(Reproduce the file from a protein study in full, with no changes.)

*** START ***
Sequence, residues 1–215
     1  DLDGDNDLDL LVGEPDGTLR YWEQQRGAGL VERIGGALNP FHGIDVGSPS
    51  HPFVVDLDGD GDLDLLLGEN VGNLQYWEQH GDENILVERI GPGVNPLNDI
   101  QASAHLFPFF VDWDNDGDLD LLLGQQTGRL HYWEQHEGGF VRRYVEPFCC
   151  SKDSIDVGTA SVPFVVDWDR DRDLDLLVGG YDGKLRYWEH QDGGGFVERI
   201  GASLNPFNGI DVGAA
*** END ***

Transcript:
Sequence, residues 1–215
     1  DLDGDNDLDL LVGEPDGTLR YWEQQRGAGL VERIGGALNP FHGIDVGSPS
    51  HPFVVDLDGD GDLDLLLGEN VGNLQYWEQH GDENILVERI GPGVNPLNDI
   101  QASAHLFPFF VDWDNDGDLD LLLGQQTGRL HYWEQHEGGF VRRYVEPFCC
   151  SKDSIDVGTA SVPFVVDWDR DRDLDLLVGG YDGKLRYWEH QDGGGFVERI
   201  GASLNPFNGI DVGAA